- Play Well: That said, the biggest challenge was to make something modeling social interaction that was also playable. Our earliest iterations made social interaction feel like a talk-piñata; players would just talk at an NPC until they got what they wanted, or would talk and talk and talk and talk until everyone else at the table wanted to murder the NPC just so the talking would stop. We had to provide a layer of abstraction that would make the social rules playable, but would also provide a degree of realism without getting too crunchy or making roleplaying feel stilted or bizarre. We had to give players a way and reason to stop talking. In a way this was the toughest challenge we set before ourselves, because supporting the level of structure we do can lead to “I roll and get Influence.” We’ve wrapped the rules inside a necessary level of roleplay. Abstracting it out to just roll-playing actually makes it nearly impossible to play, thereby encouraging roleplaying instead of interfering with it.
- Divorce Player Skill from Character Skill: Different roleplayers have different levels of skill with roleplay and social interaction. And that’s good and wonderful – but the point of roleplaying is that you’re playing someone other than yourself. And so long as social interaction was based on the person you are instead of the character you were playing, you couldn’t actually have true “roleplay” to our minds, because your character was effectively just combat statistics powered by you the person. We wanted to create a system that has social skills as divorced from the player as combat skills are divorced from players, so that less confident speakers can have that same success in social interaction as less battle-hardened roleplayers could have in combat. After all, I’ve only rarely met a roleplayer who would be terrifying with a battleaxe or who could sneak like the Gray Mouser.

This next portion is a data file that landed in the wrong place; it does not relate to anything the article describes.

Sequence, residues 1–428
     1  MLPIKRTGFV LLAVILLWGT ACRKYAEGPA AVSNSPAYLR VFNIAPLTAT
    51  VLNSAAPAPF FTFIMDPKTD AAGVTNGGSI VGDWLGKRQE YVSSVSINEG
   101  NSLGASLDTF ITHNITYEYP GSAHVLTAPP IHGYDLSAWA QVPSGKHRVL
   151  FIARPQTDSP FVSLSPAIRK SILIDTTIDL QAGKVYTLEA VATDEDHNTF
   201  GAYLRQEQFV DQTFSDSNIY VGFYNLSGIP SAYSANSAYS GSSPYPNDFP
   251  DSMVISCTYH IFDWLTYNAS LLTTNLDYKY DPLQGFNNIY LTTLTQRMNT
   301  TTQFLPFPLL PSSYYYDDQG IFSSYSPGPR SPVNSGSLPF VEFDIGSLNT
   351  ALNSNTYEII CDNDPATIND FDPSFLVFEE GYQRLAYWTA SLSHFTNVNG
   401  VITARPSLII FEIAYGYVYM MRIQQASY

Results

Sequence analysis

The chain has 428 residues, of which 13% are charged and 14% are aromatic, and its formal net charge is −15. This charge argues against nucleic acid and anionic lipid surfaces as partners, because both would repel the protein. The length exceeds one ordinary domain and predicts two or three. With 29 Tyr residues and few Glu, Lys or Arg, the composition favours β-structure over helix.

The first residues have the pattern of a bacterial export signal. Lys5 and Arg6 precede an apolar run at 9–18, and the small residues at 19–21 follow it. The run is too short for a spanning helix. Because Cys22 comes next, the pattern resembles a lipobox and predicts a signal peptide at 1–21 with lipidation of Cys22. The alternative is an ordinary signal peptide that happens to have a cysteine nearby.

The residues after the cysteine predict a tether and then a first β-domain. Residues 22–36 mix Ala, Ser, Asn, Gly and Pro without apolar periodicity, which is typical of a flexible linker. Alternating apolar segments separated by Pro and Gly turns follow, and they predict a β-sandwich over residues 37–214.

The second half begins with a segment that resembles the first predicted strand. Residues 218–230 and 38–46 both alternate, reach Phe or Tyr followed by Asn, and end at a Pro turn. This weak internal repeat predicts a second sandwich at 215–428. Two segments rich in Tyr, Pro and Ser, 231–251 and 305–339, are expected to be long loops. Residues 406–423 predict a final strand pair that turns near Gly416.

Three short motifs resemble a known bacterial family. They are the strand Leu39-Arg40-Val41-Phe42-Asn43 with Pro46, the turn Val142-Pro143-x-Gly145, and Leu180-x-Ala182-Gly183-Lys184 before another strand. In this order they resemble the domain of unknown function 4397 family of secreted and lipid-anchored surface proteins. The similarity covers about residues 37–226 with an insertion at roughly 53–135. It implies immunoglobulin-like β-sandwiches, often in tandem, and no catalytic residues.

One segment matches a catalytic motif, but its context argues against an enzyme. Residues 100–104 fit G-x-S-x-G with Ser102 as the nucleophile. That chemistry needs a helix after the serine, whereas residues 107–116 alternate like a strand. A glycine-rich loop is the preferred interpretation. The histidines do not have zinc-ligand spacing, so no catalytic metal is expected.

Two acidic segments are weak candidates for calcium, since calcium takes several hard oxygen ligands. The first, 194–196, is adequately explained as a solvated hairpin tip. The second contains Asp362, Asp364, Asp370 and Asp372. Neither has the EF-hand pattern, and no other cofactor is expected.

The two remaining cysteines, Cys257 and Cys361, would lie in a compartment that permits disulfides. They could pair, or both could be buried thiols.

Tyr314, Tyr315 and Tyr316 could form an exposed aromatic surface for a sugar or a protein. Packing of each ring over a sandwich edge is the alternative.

- Make Social Interaction as Viable as Combat: We also wanted to make social interaction as viable as combat when it came to interacting with the Gamescape. Many games focus so heavily on combat and combat rules that social interaction goes the wayside. But when you have a ruleset that largely ignores social interaction and tells you to figure it out for yourself, you have a ruleset that essentially says “fighting is the way to play this game; it is how you have some way to guarantee success.” We didn’t want that for our game, because that’s not the way we the designers play. We think the power and the structure of these social interaction rules is that they do make conversation just as potent as combat, and can enrich the game experience tremendously as a result.